The Supreme Court has become an institution whose primary role is to force a right-wing vision of American society on the rest of the country. The conservative majority … takes whatever stances define right-wing cultural and political identity at a given moment and asserts them as essential aspects of American law since the founding, and therefore obligatory…. The dictates of the Constitution retrospectively shift with whatever Fox News happens to be furious about. Legal outcomes preferred by today’s American right conveniently turn out to be what the Founding Fathers wanted all along.
The 6–3 majority has removed any appetite for caution or restraint, and the justices’ lifetime appointments mean they will never have to face an angry electorate that could deprive them of their power. It has also rendered their approach to the law lazy, clumsy, and malicious…
Many of the Court’s recent decisions, even before Dobbs, have demonstrated this. In the case over the Biden administration’s vaccine mandate for employers, the conservative justices disregarded the explicit text of a federal statute allowing the government to set emergency regulations governing “toxic substances or agents” in the workplace, and employed soft anti-vax arguments that had only become prominent in conservative media since the start of the coronavirus pandemic. As part of its rationale, the majority wrote that “in its half century of existence,” the Occupational Safety and Health Administration “has never before adopted a broad public health regulation of this kind,” which is true, because during that period there had not been a global pandemic that killed more than 1 million Americans.
In their decision earlier this week overturning restrictions on concealed carry of firearms in New York, the right-wing justices ignored historical examples of firearm regulations in order to argue that any such regulations—not just those in New York—were presumptively unconstitutional. The decision was a significant escalation in the Court’s gun-rights jurisprudence from the 2008 Heller decision, which found an individual constitutional right to possess a firearm. In the most recent ruling, Thomas wrote that only those restrictions “consistent with this nation’s historical tradition of firearm regulation” are constitutional, but he did so ignoring, as the writer Saul Cornell points out, a centuries-long history of closely regulating arms in densely populated areas. That record is irrelevant. The restrictions deemed consistent with tradition will be whatever the current right-wing consensus happens to be.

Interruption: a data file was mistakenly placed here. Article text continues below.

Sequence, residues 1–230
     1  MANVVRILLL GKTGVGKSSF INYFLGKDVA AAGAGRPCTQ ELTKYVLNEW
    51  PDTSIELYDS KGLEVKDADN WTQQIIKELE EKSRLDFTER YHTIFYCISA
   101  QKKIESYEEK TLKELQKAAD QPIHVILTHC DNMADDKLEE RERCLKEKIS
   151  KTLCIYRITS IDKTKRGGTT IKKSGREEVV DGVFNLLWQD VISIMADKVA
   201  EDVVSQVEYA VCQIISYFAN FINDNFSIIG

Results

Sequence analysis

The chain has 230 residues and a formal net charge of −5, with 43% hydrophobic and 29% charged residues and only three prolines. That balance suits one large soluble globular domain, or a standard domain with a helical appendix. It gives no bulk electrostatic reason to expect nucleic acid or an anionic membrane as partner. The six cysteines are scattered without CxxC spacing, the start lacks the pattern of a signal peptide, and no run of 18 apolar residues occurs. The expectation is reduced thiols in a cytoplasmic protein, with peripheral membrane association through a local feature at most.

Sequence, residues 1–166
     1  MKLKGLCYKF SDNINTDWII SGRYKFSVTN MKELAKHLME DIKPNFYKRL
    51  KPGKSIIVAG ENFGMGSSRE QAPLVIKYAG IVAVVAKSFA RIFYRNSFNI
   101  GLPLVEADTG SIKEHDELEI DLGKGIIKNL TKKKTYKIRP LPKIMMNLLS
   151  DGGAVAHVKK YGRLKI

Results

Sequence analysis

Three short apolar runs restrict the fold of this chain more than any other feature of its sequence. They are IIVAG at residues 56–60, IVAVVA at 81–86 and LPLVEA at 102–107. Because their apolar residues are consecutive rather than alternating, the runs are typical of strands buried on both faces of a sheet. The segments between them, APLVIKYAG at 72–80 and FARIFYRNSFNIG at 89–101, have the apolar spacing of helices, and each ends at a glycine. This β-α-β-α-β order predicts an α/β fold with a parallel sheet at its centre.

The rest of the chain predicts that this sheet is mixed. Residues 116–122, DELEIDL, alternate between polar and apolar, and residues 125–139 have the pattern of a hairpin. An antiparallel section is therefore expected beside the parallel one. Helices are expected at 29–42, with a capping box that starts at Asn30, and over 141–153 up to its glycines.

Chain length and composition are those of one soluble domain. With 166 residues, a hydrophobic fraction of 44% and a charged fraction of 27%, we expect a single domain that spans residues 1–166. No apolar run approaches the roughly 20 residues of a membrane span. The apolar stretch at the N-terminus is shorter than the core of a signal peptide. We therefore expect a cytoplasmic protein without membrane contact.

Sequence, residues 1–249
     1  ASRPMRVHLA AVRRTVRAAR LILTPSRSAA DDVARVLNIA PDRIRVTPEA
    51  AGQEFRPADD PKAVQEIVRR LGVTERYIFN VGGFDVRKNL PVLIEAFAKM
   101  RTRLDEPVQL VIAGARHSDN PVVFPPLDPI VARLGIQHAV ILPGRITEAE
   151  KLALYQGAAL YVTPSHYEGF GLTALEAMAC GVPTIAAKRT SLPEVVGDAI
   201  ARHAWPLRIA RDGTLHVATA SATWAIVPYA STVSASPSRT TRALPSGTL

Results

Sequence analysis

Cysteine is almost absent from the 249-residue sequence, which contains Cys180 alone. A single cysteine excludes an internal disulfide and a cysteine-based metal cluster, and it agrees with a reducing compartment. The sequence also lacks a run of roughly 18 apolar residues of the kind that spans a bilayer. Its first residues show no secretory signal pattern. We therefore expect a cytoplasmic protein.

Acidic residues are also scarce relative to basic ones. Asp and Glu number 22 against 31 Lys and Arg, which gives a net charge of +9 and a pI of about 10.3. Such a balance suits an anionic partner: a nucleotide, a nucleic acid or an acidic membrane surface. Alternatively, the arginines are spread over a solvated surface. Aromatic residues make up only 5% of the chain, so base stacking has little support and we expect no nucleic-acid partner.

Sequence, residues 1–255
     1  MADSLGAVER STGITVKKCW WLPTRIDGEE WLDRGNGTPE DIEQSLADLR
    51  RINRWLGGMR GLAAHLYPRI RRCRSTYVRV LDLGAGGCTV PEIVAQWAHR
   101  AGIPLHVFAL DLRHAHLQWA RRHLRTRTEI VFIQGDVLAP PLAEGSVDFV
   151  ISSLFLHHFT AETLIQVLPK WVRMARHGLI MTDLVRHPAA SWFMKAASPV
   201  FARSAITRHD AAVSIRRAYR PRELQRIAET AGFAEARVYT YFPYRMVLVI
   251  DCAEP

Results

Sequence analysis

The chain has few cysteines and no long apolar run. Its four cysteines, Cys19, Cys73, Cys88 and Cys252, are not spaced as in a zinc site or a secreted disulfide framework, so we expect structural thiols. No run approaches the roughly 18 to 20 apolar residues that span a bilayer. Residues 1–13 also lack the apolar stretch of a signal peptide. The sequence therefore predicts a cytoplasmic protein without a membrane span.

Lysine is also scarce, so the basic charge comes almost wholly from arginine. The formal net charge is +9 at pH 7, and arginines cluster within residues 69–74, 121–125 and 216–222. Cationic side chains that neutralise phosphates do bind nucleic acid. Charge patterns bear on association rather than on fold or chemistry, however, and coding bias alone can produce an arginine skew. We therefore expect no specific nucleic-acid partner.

Yesterday was more of the same. A federal judge had written a 157-page decision ordering Louisiana’s Republican legislature to change a proposed congressional map that she said violates what’s left of the Voting Rights Act, because, although Louisiana’s population is one-third Black, the map would insure that five out of six congressional districts elect Republicans. Her decision was upheld by an appeals court. Over the objections of the three Democrats on the Supreme Court, and without offering any explanation, the Republican majority overruled the judge and the appeals court. That means the map will be used for November’s elections. The Republican National Committee couldn’t have asked for more.